Workspaces are designed to sustain scheduled shutdowns and rebuilds. An workspace lifecycle resilient to stops and starts means you can save dollars on cloud compute and justify more powerful dev machines :).


Rebuilding a workspace allows you to update to the latest image, edit resource requests, or restart your workspace after a shutdown.

Only the /home/<username> directory persists between rebuilds. Rebuilds do not affect configurations and source code within the /home/<username> subtree, even if the underlying image or its dependencies change.

Note: username is defined in the image. See Docker's image documentation


Organizations can set an auto-off inactivity threshold. After a workspace hasn't been accessed for the specified threshold, it is shut down. A stopped workspace requires a rebuild before you can access it again.


Coder exposes a few hooks during the build process. Once a workspace is available and running on an underlying host, the following steps are taken:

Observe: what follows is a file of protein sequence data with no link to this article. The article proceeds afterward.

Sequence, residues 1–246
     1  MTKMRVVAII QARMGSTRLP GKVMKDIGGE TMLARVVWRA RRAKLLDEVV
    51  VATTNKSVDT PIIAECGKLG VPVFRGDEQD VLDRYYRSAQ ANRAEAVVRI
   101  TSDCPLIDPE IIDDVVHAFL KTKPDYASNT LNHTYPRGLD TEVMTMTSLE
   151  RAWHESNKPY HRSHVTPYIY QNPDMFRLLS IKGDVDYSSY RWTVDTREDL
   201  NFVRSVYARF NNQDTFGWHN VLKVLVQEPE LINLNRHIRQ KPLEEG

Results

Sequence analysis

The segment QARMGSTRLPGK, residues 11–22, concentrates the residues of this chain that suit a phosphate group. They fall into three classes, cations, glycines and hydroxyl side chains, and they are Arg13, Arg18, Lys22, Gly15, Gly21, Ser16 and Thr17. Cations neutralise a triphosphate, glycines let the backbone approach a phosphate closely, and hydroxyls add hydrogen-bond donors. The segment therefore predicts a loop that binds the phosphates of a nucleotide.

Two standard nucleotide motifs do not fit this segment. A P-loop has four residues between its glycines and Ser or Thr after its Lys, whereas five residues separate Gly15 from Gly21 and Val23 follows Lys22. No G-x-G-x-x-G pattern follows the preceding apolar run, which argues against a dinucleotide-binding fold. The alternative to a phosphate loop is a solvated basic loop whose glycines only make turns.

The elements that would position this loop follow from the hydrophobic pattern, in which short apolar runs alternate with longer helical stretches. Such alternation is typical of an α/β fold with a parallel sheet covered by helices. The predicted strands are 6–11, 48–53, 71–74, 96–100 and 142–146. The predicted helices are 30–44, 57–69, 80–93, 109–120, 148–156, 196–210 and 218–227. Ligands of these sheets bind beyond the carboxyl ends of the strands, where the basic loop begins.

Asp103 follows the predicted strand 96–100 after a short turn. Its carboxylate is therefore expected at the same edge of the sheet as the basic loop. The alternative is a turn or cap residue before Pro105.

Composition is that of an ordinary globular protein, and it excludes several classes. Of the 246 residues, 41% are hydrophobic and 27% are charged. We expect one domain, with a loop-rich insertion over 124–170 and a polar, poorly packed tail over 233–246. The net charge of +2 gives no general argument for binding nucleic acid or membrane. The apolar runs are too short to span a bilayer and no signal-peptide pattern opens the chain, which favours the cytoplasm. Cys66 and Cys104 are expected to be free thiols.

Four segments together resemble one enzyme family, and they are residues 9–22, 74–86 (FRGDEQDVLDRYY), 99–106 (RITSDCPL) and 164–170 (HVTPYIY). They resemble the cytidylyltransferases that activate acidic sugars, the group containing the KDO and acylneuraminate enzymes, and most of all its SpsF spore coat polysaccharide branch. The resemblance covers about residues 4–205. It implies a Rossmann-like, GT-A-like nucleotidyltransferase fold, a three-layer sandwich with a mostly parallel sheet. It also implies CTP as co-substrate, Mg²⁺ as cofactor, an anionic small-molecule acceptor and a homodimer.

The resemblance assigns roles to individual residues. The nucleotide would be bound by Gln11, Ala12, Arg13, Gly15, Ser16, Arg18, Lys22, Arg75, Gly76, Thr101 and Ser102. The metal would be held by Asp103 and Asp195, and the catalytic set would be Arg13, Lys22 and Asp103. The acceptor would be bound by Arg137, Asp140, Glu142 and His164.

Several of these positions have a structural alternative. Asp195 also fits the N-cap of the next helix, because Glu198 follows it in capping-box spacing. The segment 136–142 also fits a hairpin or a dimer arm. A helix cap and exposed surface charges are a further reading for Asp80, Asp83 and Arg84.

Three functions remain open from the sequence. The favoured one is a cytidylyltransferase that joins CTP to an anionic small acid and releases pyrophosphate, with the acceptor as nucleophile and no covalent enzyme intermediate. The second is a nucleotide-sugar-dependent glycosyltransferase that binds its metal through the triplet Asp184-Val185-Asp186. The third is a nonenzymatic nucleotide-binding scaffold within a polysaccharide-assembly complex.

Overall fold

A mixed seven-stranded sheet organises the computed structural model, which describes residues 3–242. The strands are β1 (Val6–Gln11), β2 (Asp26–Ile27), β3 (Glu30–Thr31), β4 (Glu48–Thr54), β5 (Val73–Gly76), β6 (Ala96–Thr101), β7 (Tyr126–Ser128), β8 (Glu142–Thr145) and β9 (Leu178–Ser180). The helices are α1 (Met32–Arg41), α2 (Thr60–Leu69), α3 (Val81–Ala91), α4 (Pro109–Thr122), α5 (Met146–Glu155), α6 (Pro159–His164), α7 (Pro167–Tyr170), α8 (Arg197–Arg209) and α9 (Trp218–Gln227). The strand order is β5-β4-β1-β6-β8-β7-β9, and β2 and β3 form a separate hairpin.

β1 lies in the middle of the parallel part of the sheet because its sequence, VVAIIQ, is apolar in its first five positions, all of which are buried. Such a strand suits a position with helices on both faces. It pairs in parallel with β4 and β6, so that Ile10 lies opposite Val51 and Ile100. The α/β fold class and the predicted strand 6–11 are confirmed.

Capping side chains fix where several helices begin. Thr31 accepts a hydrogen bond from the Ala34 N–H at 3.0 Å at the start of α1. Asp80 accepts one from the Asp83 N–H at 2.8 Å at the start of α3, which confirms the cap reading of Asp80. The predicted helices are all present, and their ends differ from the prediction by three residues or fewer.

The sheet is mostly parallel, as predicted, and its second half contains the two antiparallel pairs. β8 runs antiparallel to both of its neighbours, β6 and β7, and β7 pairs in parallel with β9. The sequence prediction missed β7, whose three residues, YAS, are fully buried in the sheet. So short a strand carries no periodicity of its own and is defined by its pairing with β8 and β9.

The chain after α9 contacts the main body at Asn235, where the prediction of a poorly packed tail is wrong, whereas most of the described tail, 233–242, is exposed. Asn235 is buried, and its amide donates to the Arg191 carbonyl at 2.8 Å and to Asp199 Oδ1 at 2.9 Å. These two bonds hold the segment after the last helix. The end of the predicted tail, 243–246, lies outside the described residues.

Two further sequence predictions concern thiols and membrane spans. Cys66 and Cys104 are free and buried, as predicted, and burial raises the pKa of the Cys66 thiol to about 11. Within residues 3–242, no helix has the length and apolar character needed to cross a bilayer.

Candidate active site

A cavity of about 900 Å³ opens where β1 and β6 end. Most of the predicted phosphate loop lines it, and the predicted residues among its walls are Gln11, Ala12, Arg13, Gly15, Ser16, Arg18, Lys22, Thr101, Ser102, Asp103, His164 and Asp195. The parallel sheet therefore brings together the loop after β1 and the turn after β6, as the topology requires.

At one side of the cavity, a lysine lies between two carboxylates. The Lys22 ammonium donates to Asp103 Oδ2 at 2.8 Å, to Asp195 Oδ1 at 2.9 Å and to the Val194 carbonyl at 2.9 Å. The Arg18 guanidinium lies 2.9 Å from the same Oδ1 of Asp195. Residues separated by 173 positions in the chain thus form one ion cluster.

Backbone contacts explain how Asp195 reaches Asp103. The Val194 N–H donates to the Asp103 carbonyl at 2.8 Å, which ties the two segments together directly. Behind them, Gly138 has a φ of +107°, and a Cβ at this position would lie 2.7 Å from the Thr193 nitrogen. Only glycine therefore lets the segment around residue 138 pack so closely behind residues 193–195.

1. Injection of secrets into the workspace: Coder injects authentication for the Coder CLI, allowing the CLI to perform authenticated CLI commands. If your Coder instance is configured with a Git provider, your SSH key pair is injected during this step as well, allowing it to perform authenticated git operations.

  2. Execution of /coder/configure: Execution of this script allows images to perform startup operations consistent across all of the workspaces that use the image. If you need your image to include modifications to /home, include the instructions in this script.

  3. Execution of ~/personalize`: Execution of this script allows you to customize your personal development workspace on each rebuild. Read more on personalization here.

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